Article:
Josephine Poole Pamela Marsh - Essay

Pamela Marsh

(Contemporary Literary Criticism)

Menaces and warnings, lonely moors and abandoned ruins, not to mention a pair of grimly determined bizarre-looking hunters—all suggest unlikely melodrama [in Catch as Catch Can]…. But Mrs. Poole has a knack of surrounding the terrifying with the everyday and making both routine and terror convincing. Good writing in fact makes her story almost too realistic for adults, though most 10-12-year-olds are tough enough to take it.

Pamela Marsh, "'A Pause in the Day's Occupations …' Known as the Tuned-Down Children's Hour," in The Christian Science Monitor (reprinted by permission from The Christian Science Monitor; © 1970 The Christian Science Publishing Society; all rights reserved), November 12, 1970, p. B2.

[The Visitor, published in England as Billy Buck, is another] revival of English country witchery, sparked by a most diverting devil—the lanky, violin playing tutor Bogle…. The theme of Christian vs. pagan is implicitly developed here in the conflict between the upper class interlopers and the yeomen (though perhaps at the expense of developing the characters of Harry and Margaret). But the real tension—comparable to the high suspense generated by Catch As Catch Can (1970)—arises from the contrast between Bogle's comfortably eccentric exterior and dark, evil void that lurks behind his eyes. (pp. 1153-54)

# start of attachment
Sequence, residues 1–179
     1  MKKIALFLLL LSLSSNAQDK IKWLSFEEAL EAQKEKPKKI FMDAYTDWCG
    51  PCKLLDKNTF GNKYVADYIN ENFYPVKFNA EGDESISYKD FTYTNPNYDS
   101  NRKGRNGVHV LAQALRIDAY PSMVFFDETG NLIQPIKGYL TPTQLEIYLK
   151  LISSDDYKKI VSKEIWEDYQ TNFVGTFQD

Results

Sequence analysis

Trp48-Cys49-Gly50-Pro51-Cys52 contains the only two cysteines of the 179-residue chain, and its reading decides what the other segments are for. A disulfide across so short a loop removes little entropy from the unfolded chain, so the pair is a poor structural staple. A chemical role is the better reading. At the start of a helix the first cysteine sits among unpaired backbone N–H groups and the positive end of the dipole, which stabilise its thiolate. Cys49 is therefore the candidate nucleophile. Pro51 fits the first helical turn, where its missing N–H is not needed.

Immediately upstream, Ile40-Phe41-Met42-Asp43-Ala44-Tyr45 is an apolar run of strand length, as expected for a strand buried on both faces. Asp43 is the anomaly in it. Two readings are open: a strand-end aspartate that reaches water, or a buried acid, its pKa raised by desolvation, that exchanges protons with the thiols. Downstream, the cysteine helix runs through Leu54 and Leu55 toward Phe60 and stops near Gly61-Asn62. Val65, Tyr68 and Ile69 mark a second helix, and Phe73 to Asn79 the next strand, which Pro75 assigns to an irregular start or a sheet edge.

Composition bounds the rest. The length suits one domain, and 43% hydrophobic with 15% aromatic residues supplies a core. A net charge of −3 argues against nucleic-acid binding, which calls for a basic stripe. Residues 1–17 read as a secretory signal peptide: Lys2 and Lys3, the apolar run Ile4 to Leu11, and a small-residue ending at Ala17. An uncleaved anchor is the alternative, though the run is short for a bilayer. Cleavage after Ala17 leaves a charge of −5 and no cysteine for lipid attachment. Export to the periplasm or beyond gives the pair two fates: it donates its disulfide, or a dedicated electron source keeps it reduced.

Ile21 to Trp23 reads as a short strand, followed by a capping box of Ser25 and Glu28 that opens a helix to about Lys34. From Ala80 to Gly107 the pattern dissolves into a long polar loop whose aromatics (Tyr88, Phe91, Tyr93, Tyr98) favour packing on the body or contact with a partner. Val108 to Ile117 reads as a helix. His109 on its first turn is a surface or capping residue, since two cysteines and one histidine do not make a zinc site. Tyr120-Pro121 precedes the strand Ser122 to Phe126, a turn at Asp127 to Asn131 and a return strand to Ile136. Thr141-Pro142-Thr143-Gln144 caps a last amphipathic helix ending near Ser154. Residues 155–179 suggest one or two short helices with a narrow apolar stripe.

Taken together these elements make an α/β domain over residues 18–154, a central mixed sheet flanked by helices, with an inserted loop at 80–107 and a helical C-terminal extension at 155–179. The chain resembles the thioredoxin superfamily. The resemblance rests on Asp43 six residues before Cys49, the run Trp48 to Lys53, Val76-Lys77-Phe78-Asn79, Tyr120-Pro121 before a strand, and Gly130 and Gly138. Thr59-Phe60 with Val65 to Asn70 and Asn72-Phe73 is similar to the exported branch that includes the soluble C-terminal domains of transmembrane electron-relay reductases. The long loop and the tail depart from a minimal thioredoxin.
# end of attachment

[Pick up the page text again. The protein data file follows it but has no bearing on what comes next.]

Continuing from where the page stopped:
"Older Fiction: 'The Visitor'," in Kirkus Reviews (copyright © 1972 The Kirkus Service, Inc.), Vol. XL, No. 19, October 1, 1972, pp. 1153-54.

[Billy Buck] is a variation of the theme of the ancient, ritual and sacrificial horndance, this time initiated by a Mr. Bogle, come, nominally, to tutor a boy recovering from illness; but otherwise Billy Buck, the devil himself. It is properly and effectively sinister. The main characters are perhaps somewhat peripheral…. The strength of this book is very much more in its ritual, the primitive hates and fears worked up among the villagers by Billy Buck, in the scenes where a whole community stirs and then erupts. Josephine Poole knows how to use words and holds you by a skilful juggling of chilling detail and panoramic impression.

"Keeping Magic in Its Place," in The Times Literary Supplement (© Times Newspapers Ltd. (London) 1972; reproduced from The Times Literary Supplement by permission), No. 3687, November 3, 1972, p. 1325.